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The All-American History Behind the All-You-Can-Eat Buffet

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It’s difficult to say when exactly people began assembling meals from large spreads of food. But that oh-so-American tradition of offering it all together at a low-low price? That started in Vegas, naturally.

First, a helping of history: Sweden and France were the first countries to formalize the buffet concept. The Swedish smorgasbord originated as a way to feed hungry out-of-town visitors who’d pop in unexpectedly. Starting with just bread and butter—the term translates as “buttered bread board”—the smorgasbord display grew to include several sequential courses, beginning with salted fish, eggs and boiled vegetables, then moving on to cold cuts, warm entrees and salads, and ending finally with dessert and coffee. The French offered a more refined model, filling their lavish “buffet” tables as a sign of prominence, and as a way to focus on entertaining rather than cooking. In 1939, the Swedes brought the smorgasbord to America at the 1939 World’s Fair in New York, offering a sizable selection atop a rotating platform inside the Three Crowns restaurant. The Swedish creation would go on to inspire buffet-style restaurants in the ‘50s, albeit ones that were less structured than the Nordic model (also: way less pickled herring).

The man credited with creating the first all-you-can-eat buffet, though, didn’t have the smorgasbord in mind. He was just trying to keep his gambling customers happy. Born in Alberta, Canada in 1919, Herb McDonald made his way south to Las Vegas, where he worked as a publicist at one of the first hotels on the Strip: the El Rancho Vegas. The story goes that late one night in the mid 1940s, he wandered back into the kitchen, brought out some cold cuts, cheese and bread, and spread them out along the bar for hungry customers. The late-night selection was a hit, and McDonald eventually evolved the menu into a 24-hour all-you-can-eat “Buckaroo Buffet.” For just $1, people could choose from a selection of cold cuts, salad, and seafood—“every possible variety of hot and cold entrees to appease the howling coyote in your innards,” according to a flyer.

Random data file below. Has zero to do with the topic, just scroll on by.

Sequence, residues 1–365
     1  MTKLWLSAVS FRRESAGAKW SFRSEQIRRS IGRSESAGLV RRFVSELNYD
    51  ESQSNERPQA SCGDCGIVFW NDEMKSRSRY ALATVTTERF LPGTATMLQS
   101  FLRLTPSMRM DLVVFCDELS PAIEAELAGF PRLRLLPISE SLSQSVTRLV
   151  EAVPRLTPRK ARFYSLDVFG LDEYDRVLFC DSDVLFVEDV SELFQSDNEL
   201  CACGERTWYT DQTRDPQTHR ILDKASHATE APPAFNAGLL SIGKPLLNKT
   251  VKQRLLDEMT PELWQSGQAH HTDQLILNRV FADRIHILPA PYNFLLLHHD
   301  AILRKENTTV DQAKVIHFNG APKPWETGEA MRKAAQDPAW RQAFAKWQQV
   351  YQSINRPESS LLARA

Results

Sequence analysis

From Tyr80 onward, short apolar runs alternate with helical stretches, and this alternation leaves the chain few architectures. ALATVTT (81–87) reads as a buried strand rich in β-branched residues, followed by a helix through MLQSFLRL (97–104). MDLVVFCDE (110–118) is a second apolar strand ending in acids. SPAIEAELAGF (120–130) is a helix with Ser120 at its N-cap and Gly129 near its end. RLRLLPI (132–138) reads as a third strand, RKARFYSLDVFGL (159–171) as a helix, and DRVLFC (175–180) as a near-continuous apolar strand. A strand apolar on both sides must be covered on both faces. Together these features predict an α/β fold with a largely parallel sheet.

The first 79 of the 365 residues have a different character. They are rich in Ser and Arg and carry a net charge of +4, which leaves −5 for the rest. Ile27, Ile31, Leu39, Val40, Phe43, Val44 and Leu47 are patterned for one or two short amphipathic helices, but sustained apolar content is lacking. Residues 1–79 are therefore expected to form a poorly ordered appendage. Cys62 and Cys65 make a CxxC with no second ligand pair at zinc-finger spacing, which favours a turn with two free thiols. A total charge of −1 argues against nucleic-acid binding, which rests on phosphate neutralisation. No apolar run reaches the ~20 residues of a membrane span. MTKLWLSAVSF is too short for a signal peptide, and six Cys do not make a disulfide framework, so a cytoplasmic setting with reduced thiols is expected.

El Rancho lost money on its Buckaroo Buffet, but gained it back by promoting customer loyalty and roping in new patrons. Pretty soon, other establishments along the Strip were copying the idea, until nearly every hotel had their own version of the “midnight buffet.” These all-hours establishments are still a big draw throughout Vegas, and they range from the dirt-cheap to the incredibly lavish. In addition to revolutionizing the Sin City dining landscape, Herb McDonald’s creation, together with the smorgasbord trend, spawned a buffet bonanza across the U.S., with restaurants like Sizzler, Hometown Buffet, Golden Corral and numerous others modeled after the concept.

So if you’re ever in Vegas helping yourself to one of the now-ubiquitous hotel buffets after a long date with a slot machine, just think: You're stuffing yourself at the original American buffet.

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Target Expands Its Clothing Options to Fit Kids With Special Needs
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Target

For kids with disabilities and their parents, shopping for clothing isn’t always as easy as picking out cute outfits. Comfort and adaptability often take precedence over style, but with new inclusive clothing options, Target wants to make it so families don’t have to choose one over the other.

As PopSugar reports, the adaptive apparel is part of Target’s existing Cat & Jack clothing line. The collection already includes items made without uncomfortable tags and seams for kids prone to sensory overload. The latest additions to the lineup will be geared toward wearers whose disabilities affect them physically.

Among the 40 new pieces are leggings, hoodies, t-shirts, bodysuits, and winter jackets. To make them easier to wear, Target added features like diaper openings for bigger children, zip-off sleeves, and hidden snap and zip seams near the back, front, and sides. With more ways to put the clothes on and take them off, the hope is that kids and parents will have a less stressful time getting ready in the morning than they would with conventionally tailored apparel.

The new clothing will retail for $5 to $40 when it debuts exclusively online on October 22. You can get a sneak peek at some of the items below.

Adaptive jacket from Target.
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Adaptive apparel from Target.

Adaptive apparel from Target.

Adaptive apparel from Target.

[h/t PopSugar]

All images courtesy of Target.